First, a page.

Carbon pricing - what's happening in China and Singapore?
In coming months, the world's biggest carbon market is planned to be launch. Current estimates suggest that China's national carbon trading scheme will be launched in November at the earliest, though the launch of the scheme has been delayed already from early 2017 to July 2017 and now to November. The model being proposed for China is a cap and trade emissions trading scheme. In this type of scheme, emitters are required to obtain and acquit permits for each tonne of emissions. Some permits may be issued free by the Government as allowances with the remainder being obtained from the market or self generated through implementation of offset projects. The Government sets the overall number of permits available (the cap), leaving the market to set the price - normally through a reverse auction process.
The bulk of the detail of the Chinese carbon market is still to be released, but this is an issue that needs thought now - particularly for companies that may be directly or indirectly exposed. This includes companies that supply raw materials to or purchase finished materials from industries that are participating in the emissions trading scheme. Suppliers of raw materials, particularly those supplying material to high emitting facilities, may find themselves with reduced ability to sell their product if the buyer in China faces increased emissions costs and their bottom line is at risk.
In Singapore, a carbon tax is planned to be introduced in 2019. The announcement for this was made during the budget announcement in 2017 and it came as a surprise to many - particularly as there was no indication that a tax would be introduced so soon in Singapore's Paris Agreement targets. The details of the carbon tax are still to be worked out over coming months but it has been announced that all 6 greenhouse gases will be included and the threshold for inclusion in the scheme is annual emissions greater than 25,000 t/a of CO2-e. The operation of the carbon tax is different to that of a cap and trade scheme in that, with a carbon tax, it is the price that is set (rather than a cap) and companies merely need to pay a dollar amount for their emissions. In order that Singaporean companies remain competitive in a global marketplace however, there may be an issuance of allowances or free permits as well.
The Government will occasionally revise the carbon price depending on how national emissions are progressing compared to target. The driver for change being that, at some point, it will be cheaper to reduce emissions by completing abatement projects on a site (which has a cost for implementation) than paying the tax. To help prepare for the carbon tax, Singapore based companies should have a good understanding as to what abatement options are available to them and, using financial analysis, determine what the carbon price needs to be to achieve a project NPV of zero. If the breakeven carbon price is less than the actual (or reasonably forecast) carbon price, then that project has a business case.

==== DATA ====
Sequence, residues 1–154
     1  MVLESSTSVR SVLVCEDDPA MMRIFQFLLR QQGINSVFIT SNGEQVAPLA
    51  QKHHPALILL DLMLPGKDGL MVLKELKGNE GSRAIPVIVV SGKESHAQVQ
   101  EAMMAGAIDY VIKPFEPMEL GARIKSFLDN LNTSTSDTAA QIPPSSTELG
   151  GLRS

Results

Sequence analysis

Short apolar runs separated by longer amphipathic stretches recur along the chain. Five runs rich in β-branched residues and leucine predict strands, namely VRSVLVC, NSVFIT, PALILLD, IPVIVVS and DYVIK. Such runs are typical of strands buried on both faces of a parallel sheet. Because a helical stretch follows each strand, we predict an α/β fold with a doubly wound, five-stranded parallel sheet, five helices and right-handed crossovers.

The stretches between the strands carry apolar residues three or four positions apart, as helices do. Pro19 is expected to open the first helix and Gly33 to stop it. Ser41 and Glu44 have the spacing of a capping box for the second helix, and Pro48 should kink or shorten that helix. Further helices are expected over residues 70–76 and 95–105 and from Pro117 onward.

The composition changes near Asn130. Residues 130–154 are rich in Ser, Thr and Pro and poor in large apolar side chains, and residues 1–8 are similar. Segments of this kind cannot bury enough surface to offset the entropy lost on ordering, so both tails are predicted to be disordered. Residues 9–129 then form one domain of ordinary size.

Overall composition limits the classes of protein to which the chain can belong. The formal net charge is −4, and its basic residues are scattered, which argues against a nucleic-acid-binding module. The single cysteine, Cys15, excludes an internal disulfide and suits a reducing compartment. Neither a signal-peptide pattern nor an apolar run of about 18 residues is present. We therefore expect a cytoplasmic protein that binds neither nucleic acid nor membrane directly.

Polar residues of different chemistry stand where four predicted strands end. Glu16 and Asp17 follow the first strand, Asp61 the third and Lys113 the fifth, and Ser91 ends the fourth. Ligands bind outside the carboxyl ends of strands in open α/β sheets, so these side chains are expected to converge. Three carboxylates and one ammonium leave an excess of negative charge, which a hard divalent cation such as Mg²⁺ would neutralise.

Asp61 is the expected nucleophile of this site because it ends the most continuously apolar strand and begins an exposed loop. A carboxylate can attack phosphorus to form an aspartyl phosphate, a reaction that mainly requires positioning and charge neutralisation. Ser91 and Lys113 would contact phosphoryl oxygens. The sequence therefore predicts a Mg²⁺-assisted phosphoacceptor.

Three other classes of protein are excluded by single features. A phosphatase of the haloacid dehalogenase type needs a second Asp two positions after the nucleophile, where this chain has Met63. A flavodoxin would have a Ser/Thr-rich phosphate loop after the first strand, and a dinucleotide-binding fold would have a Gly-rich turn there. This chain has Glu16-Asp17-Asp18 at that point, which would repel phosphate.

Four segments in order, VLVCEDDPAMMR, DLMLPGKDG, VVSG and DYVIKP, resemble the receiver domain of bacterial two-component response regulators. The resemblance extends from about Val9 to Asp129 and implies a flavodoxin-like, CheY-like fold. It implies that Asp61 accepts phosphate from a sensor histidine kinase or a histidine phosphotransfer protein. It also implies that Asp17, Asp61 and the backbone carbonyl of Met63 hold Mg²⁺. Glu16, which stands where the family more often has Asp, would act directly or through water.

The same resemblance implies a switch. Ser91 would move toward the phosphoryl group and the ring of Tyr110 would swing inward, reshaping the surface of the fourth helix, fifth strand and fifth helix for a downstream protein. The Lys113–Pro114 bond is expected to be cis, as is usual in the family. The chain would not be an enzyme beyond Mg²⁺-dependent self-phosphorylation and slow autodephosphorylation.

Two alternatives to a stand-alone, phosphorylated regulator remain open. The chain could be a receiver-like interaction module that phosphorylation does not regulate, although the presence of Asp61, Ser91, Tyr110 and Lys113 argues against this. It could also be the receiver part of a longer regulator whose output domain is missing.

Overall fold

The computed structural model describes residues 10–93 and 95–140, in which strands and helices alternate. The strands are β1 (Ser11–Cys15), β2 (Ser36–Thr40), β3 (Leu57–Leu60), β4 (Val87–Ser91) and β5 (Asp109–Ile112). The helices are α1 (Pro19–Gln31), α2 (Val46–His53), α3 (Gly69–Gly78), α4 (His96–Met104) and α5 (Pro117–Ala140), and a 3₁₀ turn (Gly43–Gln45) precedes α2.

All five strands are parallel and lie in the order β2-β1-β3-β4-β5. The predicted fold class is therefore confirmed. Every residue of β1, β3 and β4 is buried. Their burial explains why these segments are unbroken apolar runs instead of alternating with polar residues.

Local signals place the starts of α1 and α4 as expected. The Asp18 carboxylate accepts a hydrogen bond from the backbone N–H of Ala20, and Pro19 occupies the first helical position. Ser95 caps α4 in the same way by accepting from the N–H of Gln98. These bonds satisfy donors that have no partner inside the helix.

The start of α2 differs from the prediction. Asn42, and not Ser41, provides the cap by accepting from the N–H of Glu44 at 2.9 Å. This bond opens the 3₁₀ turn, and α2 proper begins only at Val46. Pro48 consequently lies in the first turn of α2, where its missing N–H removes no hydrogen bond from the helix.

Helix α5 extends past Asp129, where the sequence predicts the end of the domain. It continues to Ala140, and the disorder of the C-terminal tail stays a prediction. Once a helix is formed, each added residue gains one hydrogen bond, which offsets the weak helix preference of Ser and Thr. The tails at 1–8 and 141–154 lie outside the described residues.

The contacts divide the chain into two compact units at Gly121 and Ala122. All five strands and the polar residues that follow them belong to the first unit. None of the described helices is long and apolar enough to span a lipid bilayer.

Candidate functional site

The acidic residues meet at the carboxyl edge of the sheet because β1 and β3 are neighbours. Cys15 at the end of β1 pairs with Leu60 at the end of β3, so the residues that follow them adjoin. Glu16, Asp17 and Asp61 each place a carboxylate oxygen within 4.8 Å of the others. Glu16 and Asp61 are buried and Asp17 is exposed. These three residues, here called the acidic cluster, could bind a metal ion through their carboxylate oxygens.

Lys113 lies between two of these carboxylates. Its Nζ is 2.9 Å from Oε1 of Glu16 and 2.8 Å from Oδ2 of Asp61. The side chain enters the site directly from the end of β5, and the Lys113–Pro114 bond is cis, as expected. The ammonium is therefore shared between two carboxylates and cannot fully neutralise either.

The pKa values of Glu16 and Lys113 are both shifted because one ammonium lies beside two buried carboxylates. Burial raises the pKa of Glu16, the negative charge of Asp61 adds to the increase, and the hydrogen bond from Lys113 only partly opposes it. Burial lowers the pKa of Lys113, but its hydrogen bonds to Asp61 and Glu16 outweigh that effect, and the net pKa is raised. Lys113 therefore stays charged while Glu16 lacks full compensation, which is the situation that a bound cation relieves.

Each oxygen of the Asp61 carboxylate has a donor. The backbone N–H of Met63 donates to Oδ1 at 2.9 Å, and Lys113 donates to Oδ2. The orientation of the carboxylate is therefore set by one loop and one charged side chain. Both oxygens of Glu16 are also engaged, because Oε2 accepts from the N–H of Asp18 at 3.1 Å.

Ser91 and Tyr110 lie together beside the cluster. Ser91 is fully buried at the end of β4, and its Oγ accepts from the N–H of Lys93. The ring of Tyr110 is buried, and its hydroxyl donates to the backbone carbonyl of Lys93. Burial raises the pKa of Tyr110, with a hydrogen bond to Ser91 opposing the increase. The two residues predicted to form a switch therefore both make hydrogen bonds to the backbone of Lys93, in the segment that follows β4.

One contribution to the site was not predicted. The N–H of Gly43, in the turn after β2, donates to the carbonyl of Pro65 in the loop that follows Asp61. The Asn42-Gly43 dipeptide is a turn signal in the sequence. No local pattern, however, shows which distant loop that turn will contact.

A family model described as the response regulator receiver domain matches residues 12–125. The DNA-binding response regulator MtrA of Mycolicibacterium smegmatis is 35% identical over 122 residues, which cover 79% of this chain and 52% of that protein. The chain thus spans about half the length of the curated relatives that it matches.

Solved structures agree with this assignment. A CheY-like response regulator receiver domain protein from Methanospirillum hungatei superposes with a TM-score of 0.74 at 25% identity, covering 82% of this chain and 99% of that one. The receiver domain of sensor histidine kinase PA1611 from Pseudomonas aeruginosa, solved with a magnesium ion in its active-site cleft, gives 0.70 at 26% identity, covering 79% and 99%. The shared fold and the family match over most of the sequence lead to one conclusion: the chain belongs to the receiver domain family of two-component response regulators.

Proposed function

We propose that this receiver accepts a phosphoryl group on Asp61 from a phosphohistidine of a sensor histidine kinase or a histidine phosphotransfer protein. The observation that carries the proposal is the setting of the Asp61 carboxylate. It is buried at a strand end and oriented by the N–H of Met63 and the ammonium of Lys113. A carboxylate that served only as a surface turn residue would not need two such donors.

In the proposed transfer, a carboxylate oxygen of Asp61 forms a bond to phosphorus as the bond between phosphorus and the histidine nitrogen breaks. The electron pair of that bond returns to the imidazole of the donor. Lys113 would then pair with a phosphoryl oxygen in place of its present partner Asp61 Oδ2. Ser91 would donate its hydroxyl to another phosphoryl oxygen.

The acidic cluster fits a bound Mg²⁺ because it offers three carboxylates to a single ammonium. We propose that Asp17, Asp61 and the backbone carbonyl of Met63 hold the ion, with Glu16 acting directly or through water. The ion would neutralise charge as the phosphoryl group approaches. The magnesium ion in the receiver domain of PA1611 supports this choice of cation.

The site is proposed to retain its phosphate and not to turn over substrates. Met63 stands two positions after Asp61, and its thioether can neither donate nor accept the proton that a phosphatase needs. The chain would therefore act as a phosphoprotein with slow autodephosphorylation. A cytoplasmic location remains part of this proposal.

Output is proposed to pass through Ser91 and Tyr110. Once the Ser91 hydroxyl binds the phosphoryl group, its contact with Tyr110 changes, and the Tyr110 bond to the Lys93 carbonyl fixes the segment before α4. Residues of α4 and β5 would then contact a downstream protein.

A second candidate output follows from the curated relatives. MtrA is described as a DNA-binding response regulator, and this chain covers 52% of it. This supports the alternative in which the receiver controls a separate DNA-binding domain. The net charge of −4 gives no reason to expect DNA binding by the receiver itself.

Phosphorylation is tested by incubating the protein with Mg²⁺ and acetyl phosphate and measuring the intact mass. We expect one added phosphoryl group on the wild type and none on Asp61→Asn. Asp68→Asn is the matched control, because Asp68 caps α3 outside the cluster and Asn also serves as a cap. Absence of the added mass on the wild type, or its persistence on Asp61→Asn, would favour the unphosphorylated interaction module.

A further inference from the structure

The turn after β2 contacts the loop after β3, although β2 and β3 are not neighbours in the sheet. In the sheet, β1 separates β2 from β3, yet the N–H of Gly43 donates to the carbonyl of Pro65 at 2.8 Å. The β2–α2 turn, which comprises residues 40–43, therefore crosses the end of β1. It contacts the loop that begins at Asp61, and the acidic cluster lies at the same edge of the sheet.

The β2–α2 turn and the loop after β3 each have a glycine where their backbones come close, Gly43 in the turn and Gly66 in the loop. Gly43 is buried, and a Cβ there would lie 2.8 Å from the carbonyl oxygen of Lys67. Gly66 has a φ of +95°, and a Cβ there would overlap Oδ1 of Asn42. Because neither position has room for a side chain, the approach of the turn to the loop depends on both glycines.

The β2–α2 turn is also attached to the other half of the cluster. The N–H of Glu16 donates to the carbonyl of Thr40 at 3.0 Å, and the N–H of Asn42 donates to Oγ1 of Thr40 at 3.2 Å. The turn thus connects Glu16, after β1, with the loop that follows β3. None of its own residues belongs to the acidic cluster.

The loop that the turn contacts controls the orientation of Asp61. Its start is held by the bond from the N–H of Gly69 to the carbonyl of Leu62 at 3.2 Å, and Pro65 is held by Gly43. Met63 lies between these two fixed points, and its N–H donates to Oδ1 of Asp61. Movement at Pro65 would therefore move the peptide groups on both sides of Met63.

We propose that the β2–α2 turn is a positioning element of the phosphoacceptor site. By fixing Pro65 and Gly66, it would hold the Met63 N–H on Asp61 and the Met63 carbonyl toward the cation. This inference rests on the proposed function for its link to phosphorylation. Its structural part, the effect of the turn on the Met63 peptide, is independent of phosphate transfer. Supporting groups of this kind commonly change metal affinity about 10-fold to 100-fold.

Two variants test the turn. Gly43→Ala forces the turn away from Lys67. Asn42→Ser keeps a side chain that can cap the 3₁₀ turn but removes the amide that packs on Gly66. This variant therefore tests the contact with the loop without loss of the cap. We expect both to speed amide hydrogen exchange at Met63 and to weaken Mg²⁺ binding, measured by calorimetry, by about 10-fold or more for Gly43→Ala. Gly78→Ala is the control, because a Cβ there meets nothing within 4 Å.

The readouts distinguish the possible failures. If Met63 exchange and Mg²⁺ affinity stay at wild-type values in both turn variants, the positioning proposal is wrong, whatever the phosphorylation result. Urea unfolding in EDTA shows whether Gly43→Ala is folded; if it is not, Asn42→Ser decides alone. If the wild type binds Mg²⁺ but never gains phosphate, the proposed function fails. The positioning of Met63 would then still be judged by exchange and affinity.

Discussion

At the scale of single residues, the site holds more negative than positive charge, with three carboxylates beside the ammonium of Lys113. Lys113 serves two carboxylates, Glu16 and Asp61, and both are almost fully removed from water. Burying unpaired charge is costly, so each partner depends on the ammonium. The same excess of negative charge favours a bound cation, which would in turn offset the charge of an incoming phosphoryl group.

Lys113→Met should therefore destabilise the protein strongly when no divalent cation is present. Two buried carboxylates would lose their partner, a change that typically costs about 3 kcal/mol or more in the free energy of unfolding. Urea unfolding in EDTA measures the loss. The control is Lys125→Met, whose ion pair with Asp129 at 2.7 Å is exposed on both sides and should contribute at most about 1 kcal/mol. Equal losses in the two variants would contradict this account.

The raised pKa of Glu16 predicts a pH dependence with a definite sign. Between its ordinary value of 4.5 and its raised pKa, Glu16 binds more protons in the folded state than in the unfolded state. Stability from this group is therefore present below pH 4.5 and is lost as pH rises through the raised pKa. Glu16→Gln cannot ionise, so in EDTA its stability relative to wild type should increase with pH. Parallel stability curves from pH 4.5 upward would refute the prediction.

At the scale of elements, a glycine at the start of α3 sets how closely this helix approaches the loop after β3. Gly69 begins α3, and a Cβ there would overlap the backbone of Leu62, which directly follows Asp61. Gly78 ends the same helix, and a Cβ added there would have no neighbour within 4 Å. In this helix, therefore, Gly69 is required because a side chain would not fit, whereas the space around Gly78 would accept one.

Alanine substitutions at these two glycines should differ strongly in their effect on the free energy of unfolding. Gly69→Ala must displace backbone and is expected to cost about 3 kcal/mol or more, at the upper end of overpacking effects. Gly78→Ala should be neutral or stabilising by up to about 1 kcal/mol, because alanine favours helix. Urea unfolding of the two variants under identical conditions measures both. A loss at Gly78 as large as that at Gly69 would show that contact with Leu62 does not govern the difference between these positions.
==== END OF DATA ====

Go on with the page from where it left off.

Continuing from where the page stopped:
During the public consultation on the carbon tax, the Singapore Government noted that there may be opportunity for linking to other schemes globally and use them as a source of low cost abatement. For example, it may be possible to take advantage of the forthcoming Chinese emissions trading scheme as a source of low cost permits that, if the Government allows it, can be used to offset carbon tax bills in Singapore. It would be appropriate to at start bilateral negotiations soon however, while the details of both schemes are being finalised.
An important preparatory step that should be taken with both of these soon to be introduced schemes is to improve the emissions reporting requirements for companies and facilities. Once financial values are associated with emissions, it's important that the emissions being reported are reliable. The central principles of the GHG Protocol provide a good guide to preparation of GHG datasets:
Relevance - the dataset appropriately reflects the emissions of a company and is appropriate to decision making needs
Completeness - all emissions sources within the corporate boundary are accounted for
Consistency - consistent rules are used year to year and between different companies to ensure datasets are comparable
Transparency - datasets are generated with a clear audit trail and all decisions and calculations are justified
Accuracy - emissions inventories are neither over nor underestimates of the true values
Also important is the fact that inventories are assured and audited to a reasonable level. In Singapore, the Government has indicated that there are plans to improve the robustness of the Energy Conservation Act (which specifies that emissions are to be reported) as a first step prior to the introduction of the carbon tax. China has announced something similar, saying that they will improve the measurement, reporting and verification of emissions. It has also been reported that MRV issues are one of the reasons the national carbon market has been delayed.
In both jurisdictions, it is important that companies are prepared for these policy changes as they will have an impact on the bottom line. This starts with determining what exposure a company has to these policies in the first instance. This financial exposure can then be compared to what abatement opportunities are available - both in the company boundaries (abatement) or from other companies, in other sectors or even other countries (offsets).